Many of the stories we tell feature ourselves at their centre – sometimes as actor, sometimes as observer. A disproportionate number of life reminiscences emerge from the second or third decades – a time when many firsts took place, and when the adult identity was being formed. Reminiscences typically privilege the present over the past, making the present self look good at the expense of the past self. We can be critical of the past self, showing what we have learned, and how we are better now as a result of our experience.
Story telling does not exist in a vacuum; rather it is part of a relationship. It exists in the context of a sender and a receiver. The sender has his reasons for telling a story to a particular person, for highlighting certain details, and for glossing over potential difficulties. At the same time, the receiver has her filters – things that she reacts to, mutually remembers or simply can’t hear. The ten stories that are told by a husband to his wife will be different from those told by a mother to her son. Furthermore, they will be different for each child, each sibling, each friend.
It’s not the details of these stories that’s important – it’s the message. What are the stories about – individually and collectively? In order to understand that, we need a bit of background about autobiographical memory.
Perhaps the most important thing to understand about memory is that it is constructed rather than retrieved. In other words, memories aren’t just sitting there waiting for us to call them up. Memory is a much more active and creative process. Our memories are not so much a photograph as a painting. While the image may be registered in an instant, the final product is rendered over time. We fill in details; we correct flaws; we paint over inconsistencies.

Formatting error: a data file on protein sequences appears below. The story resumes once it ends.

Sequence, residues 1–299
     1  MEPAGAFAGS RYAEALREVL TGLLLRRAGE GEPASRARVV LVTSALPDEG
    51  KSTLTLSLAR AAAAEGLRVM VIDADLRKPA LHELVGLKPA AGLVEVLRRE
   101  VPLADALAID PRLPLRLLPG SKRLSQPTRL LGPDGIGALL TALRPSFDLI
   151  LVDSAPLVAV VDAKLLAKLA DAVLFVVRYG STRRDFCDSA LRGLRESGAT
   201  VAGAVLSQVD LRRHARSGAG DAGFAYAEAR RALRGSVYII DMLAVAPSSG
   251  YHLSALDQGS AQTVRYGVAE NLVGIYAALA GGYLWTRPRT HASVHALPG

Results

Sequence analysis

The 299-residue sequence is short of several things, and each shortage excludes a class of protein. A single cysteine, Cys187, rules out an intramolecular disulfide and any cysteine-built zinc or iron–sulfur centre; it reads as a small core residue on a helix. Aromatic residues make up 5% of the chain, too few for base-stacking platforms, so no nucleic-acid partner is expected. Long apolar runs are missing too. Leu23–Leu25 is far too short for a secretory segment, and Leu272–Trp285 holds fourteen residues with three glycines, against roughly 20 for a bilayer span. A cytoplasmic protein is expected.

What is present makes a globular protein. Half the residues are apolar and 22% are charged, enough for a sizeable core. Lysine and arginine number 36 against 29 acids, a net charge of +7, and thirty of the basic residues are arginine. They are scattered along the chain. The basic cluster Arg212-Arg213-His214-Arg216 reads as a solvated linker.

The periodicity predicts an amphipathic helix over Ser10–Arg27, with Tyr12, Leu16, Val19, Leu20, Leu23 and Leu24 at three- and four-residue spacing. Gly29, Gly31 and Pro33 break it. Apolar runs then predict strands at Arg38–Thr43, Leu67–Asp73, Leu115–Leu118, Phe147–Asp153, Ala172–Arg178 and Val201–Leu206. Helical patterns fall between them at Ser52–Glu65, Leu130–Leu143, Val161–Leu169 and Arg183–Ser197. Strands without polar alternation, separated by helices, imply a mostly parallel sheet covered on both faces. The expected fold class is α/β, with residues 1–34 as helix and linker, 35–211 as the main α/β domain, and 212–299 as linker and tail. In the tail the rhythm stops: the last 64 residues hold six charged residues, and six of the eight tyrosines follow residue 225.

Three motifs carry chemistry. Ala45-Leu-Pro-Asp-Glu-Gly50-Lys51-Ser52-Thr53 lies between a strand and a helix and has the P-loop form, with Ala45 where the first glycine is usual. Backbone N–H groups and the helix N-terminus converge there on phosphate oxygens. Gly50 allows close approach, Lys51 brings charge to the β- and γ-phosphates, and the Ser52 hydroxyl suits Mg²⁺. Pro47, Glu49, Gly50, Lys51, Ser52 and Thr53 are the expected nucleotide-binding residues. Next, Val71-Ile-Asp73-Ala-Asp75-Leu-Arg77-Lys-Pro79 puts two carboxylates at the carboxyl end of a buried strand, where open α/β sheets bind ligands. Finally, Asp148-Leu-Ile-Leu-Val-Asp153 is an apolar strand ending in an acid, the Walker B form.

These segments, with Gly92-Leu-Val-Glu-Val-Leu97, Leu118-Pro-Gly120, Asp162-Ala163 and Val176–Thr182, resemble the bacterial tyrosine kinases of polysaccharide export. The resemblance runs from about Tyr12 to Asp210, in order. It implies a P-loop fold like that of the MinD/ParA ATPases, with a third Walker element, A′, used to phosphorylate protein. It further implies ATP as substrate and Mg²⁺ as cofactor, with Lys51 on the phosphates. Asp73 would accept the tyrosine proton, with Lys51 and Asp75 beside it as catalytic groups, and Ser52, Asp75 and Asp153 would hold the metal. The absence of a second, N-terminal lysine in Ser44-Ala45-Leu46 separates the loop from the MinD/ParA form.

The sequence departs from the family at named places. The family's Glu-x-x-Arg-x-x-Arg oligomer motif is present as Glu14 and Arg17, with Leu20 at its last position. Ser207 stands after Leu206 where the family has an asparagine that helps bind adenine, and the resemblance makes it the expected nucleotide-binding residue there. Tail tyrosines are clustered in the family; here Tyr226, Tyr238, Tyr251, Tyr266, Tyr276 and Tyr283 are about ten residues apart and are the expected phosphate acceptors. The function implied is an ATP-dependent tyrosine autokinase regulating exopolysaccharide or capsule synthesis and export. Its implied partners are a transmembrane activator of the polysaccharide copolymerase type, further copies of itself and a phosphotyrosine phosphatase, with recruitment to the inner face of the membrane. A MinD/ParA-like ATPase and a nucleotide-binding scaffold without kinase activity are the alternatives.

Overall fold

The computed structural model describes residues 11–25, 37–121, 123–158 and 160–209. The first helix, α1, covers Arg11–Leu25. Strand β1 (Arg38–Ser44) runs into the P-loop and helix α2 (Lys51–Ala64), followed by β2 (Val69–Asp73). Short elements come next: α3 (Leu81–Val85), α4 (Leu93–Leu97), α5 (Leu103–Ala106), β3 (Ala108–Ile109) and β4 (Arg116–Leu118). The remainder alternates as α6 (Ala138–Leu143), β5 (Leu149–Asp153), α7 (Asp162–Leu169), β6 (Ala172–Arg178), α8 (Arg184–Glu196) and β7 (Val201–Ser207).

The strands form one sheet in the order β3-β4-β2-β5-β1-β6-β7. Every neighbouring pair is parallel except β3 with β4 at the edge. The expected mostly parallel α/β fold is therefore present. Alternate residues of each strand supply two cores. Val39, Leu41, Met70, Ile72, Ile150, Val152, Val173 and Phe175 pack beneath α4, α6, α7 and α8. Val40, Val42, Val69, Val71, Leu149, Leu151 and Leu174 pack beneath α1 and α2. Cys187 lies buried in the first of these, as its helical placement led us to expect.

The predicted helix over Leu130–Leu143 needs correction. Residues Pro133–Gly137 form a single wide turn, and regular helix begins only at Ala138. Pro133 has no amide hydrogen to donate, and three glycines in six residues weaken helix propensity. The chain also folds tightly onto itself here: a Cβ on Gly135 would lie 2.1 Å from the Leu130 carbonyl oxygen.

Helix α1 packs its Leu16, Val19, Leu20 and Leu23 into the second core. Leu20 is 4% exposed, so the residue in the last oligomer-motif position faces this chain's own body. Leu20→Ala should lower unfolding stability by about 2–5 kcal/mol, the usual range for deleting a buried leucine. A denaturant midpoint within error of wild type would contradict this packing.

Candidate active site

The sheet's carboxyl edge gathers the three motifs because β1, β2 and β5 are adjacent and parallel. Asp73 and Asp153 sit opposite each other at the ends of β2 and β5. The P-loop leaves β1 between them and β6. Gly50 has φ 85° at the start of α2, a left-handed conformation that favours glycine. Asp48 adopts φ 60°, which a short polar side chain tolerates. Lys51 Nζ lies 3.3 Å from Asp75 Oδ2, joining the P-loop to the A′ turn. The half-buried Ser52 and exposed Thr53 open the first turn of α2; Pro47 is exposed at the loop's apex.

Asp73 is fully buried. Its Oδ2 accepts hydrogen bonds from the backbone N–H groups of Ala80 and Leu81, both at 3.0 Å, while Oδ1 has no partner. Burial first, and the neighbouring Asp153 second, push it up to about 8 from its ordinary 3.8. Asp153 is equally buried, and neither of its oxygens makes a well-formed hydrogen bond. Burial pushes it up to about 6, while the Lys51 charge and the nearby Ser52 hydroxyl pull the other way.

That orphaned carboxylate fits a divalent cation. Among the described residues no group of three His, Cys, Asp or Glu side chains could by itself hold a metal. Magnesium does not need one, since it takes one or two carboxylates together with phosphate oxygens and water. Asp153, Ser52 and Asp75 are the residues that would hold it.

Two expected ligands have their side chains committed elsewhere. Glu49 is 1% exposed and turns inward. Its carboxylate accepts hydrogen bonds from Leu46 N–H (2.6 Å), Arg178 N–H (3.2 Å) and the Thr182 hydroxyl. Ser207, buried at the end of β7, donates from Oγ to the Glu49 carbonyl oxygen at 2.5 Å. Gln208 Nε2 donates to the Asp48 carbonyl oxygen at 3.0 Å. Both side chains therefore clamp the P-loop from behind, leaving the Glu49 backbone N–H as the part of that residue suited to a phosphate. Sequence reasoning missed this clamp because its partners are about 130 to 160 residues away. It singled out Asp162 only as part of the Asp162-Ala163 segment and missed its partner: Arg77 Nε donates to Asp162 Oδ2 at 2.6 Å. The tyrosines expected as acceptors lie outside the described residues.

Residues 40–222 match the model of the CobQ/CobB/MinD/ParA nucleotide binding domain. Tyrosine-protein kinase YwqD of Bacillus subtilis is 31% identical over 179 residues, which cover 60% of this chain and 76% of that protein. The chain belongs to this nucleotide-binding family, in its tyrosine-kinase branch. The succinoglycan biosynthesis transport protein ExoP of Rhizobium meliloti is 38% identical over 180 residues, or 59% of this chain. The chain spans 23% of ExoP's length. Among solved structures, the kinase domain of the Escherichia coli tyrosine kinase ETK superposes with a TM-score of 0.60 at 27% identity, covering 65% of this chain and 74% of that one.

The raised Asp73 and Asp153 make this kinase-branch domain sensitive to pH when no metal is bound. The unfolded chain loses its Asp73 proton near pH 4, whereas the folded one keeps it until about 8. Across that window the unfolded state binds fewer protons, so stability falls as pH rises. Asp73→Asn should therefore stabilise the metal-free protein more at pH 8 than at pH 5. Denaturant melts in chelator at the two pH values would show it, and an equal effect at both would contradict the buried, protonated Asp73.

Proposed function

And what is the point of all this revisionist history? The purpose is the creation of the “personal myth” — a narrative account of identity that satisfies the needs of the ego for meaning, consistency and validation. Research tells us that memory and identity go hand in hand. Both are constructed, and therefore we need to think about the storyteller as a minstrel or raconteur, rather than as an archivist.
Erik Erikson, psychologist known best for his developmental theory of identity, elaborated eight stages of life. Erikson contends that the identity is formed as one progresses from one stage to the next. Progress is achieved by reconciling challenges associated with each age and stage. The last two stages, stages VII and VIII, are, not surprisingly, associated with facing the end of life and one’s diminishing capabilities.
- Stage VII, entitled Generativity vs. Stagnation, is about the challenge of adapting to health and capacity changes, and remaining interested and hopeful for the future. It is about resisting self-absorption, and continuing to invest in relationships, to care about others, and to have faith in humanity.
- Stage VIII, entitled Integrity vs. Despair, is about reconciling fears, regrets and disappointments, and owning the totality of life and the wisdom that has come with experience.
It is these latter two stages that give rise to the ten stories.